Around the nation, regulators are preparing to implement and enforce new consumer-like disclosure laws for small business commercial finance providers.

New York regulators have yet to issue final regulations implementing the state’s Commercial Finance Disclosure Law (CFDL), which went into effect on January 1, 2022.  As we previously reported, the New York State Department of Financial Services (NYDFS) advised that commercial finance providers’ obligations under the CFDL do not ripen until the NYDFS “issues final implementing regulations and those regulations take effect.” … Continue Reading

The New York Department of Financial Services has issued a letter announcing that it has concluded that the obligation of providers of commercial financing under the Commercial Finance Disclosure Law (CFDL) to provide consumer-like disclosures does not arise “until the Department issues final implementing regulations and those regulations take effect.”

The CFDL was enacted by S 5740-B and requires consumer-like disclosures for “commercial financing” transactions of $2.5 million or less. … Continue Reading

The California Department of Financial Protection and Innovation has published a fourth round of modifications to implement SB 1235, the bill signed into law on September 30, 2018 that requires consumer-like disclosures to be made for certain commercial financing products, including small business loans and merchant cash advances.  The law contains exemptions and carve-outs for, among other things, depository institutions, financings of more than $500,000, closed-end loans with a principal amount of less than $5,000, and transactions secured by real property. … Continue Reading

On October 20, 2021, the New York Department of Financial Services published a notice in the New York State Register announcing that it has issued a proposed regulation to implement S 5470–B, which requires consumer-like disclosures for “commercial financing” transactions of $2.5 million or less.  Comments on the proposal must be submitted by December 19, 2021.… Continue Reading

The California Department of Financial Protection and Innovation (DFPI) has issued second modifications to its proposed regulations to implement SB 1235, the bill signed into law on September 30, 2018 that requires consumer-like disclosures to be made for certain commercial financing products, including small business loans and merchant cash advances.… Continue Reading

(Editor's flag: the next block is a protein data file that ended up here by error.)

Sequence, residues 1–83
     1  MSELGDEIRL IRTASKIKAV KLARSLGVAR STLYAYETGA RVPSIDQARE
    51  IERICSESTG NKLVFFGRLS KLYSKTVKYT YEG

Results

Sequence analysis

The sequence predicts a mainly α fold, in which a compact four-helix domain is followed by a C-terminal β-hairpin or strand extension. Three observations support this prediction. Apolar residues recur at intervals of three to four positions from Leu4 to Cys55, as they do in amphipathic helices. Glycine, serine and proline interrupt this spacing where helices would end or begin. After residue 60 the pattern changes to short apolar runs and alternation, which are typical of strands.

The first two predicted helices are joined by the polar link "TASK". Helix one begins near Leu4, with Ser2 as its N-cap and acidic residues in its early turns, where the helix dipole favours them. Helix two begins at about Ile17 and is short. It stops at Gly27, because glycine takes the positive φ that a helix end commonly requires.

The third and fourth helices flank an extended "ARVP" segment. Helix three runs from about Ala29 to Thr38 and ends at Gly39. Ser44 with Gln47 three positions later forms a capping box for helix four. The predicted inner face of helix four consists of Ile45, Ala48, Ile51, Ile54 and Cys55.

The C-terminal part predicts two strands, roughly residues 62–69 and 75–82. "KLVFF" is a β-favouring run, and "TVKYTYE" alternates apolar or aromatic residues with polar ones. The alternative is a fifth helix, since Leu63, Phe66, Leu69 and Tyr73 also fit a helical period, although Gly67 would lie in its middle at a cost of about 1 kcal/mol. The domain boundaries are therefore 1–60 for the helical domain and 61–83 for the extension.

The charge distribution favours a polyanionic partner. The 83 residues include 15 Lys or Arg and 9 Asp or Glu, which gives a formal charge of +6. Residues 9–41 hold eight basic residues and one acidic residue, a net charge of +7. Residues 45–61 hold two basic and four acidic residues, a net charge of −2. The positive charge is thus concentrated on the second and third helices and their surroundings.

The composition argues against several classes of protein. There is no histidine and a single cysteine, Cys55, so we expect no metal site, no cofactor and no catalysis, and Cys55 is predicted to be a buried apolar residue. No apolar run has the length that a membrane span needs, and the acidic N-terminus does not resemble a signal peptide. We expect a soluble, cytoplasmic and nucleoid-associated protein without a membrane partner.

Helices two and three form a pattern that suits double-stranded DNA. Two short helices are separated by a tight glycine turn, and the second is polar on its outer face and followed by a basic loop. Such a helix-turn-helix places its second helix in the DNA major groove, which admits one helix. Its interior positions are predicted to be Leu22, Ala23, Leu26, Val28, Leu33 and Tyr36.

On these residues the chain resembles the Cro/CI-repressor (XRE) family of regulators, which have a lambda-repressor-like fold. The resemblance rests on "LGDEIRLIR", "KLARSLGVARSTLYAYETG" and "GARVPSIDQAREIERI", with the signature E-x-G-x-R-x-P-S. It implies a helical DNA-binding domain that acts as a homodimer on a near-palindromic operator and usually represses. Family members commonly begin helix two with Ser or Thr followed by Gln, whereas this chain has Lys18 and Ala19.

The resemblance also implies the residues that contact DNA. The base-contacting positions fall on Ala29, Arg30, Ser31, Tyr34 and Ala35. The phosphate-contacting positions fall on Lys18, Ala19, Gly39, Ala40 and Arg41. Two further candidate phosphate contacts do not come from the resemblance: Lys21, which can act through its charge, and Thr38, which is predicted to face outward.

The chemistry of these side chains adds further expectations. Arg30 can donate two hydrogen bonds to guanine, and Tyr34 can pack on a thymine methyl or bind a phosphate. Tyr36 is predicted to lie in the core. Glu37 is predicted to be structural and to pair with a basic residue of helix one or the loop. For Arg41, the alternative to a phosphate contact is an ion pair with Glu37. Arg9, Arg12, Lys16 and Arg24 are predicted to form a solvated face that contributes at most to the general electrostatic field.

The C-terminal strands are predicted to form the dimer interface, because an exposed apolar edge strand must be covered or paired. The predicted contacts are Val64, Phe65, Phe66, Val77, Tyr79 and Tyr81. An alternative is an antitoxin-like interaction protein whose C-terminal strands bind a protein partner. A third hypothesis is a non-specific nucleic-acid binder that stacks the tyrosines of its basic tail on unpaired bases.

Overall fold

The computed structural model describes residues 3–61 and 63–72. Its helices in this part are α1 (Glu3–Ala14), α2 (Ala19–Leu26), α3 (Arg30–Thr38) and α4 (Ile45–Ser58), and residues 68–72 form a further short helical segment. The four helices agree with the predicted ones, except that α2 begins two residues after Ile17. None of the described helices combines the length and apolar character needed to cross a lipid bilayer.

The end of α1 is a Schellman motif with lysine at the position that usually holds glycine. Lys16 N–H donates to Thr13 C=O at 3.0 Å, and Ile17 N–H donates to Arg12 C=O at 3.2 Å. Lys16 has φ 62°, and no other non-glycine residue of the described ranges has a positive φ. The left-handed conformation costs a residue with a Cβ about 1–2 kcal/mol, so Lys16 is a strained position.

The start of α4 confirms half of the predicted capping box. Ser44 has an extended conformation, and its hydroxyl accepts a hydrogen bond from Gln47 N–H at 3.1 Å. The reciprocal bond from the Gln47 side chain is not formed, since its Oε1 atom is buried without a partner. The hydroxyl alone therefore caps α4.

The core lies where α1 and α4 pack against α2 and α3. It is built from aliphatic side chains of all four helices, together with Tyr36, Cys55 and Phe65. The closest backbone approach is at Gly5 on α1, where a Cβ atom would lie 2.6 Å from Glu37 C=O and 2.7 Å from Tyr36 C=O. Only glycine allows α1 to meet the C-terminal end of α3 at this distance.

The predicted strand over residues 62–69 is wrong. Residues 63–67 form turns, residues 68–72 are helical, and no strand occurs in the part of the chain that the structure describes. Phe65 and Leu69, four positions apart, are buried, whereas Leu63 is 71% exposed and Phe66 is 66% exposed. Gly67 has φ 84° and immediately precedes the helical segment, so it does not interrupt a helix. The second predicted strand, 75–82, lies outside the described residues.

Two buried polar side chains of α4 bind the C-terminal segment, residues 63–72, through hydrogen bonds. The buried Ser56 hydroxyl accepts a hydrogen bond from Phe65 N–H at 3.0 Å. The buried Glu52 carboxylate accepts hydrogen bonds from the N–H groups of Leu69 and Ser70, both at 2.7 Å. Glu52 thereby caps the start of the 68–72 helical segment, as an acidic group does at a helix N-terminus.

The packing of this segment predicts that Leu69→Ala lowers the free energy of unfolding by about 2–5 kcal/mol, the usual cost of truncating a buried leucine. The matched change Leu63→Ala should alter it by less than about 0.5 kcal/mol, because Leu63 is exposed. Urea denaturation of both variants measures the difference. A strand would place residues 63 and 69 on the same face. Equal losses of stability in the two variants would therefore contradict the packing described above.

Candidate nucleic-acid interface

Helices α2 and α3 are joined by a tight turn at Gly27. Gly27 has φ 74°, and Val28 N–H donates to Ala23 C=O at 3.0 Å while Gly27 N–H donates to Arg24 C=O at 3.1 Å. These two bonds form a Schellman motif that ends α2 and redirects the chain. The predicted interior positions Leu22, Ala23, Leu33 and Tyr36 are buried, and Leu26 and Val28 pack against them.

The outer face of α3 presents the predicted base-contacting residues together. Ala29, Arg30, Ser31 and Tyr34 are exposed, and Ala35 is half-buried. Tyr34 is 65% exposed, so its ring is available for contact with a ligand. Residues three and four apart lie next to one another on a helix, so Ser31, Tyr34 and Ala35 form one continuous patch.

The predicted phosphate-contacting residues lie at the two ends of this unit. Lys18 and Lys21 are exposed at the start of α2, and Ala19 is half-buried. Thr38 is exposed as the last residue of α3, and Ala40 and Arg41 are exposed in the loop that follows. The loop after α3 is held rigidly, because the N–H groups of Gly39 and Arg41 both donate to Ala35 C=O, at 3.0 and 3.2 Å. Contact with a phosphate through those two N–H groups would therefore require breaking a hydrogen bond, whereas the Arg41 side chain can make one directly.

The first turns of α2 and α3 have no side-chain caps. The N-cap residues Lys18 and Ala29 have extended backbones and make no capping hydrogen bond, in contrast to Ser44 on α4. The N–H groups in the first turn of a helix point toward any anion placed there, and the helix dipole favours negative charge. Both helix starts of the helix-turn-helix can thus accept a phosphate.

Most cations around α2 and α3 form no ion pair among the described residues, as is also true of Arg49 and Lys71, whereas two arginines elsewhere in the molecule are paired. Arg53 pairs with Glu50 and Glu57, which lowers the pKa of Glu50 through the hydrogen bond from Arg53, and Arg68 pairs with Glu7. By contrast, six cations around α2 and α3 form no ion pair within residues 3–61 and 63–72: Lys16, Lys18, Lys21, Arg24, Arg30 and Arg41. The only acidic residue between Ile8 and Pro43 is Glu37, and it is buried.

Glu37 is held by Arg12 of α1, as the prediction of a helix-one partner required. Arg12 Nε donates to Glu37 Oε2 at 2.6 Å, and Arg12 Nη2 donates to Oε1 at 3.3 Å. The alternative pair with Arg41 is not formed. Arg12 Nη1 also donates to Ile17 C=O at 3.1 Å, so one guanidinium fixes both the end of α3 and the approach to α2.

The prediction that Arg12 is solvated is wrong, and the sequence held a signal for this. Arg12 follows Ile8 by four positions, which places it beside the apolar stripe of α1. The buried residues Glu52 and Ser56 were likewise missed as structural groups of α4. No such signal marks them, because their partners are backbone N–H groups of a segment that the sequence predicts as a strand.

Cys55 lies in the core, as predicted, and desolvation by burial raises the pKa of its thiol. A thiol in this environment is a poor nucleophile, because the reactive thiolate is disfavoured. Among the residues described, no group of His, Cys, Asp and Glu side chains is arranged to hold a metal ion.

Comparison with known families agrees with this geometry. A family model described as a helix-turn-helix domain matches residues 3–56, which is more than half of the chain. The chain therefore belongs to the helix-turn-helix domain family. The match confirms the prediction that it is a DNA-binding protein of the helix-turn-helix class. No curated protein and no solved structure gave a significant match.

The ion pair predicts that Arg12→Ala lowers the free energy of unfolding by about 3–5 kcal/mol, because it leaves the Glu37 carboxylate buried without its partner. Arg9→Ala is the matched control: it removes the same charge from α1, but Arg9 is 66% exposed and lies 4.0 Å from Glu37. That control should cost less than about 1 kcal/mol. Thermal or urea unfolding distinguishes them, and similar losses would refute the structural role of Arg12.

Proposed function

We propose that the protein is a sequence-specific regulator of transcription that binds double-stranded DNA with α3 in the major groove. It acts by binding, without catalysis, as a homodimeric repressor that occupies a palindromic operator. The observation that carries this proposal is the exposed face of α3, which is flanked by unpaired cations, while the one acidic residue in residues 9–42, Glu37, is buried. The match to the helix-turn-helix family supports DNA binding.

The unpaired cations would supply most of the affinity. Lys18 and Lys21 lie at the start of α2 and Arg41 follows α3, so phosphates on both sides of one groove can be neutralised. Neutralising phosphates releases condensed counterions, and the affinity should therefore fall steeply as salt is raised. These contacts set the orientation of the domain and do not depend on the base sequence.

The New York City Department of Consumer Affairs (DCA) has proposed new rules for used car dealers that would require dealers to provide the following disclosures to buyers:

  • A financing disclosure that includes the “sale terms,” “financing terms,” and pricing information for add-on products and services.  The financing terms include three APRs: “the Annual Percentage Rate (APR)” (presumably, the contract APR),  the “lowest APR offered to buyer by any finance company for loan with same term and down payment,” and the “APR offered to buyer by selected finance company”
  • A disclosure of the buyer’s right to cancel

The proposal would also require dealers to conspicuously post a “Used Car Consumer Bill of Rights” in any office or area of the dealer’s location where consumers negotiate and execute sales contracts and maintain an “automobile contract cancellation option report” that must be made available to the DCA upon request.… Continue Reading

The FTC recently held a workshop, “Putting Disclosures to the Test,” to explore the question of what should be done to make disclosures effective.  The workshop included reports on numerous studies related to consumer understanding of disclosures, and the efficacy of different methods and timing of consumer disclosures.

Among the panelists at the workshop was Heidi Johnson, a CFPB research analyst. … Continue Reading

On September 15th, the FTC will hold a workshop to examine the testing and evaluation of disclosures that companies make to consumers about advertising claims, privacy practices, and other information.  The FTC’s workshop will explore how to test the effectiveness of these disclosures to ensure consumers notice them, understand them, and can use them in their decision-making. … Continue Reading

The CFPB sent industry trade groups a letter on October 1, 2015 to address the approach of the FFIEC member agencies during the initial months following the implementation of the TILA-RESPA Integrated Disclosure (TRID) rule on October 3, 2015. In the letter, the CFPB noted that it and the other FFIEC member agencies recognized the implementation challenges presented by the TRID rule and the significant efforts made by the industry to implement the rule.… Continue Reading

The CFPB has issued a Spanish version of “Your Home Loan Toolkit” (“Toolkit”), that is designed to be used with disclosures provided under the TILA/RESPA Integrated Disclosure (“TRID”) rule.  The Toolkit will replace the current “Settlement Cost Booklet” (also known as the “Special Information Booklet”) when the TRID rule goes into effect on October 3, 2015. … Continue Reading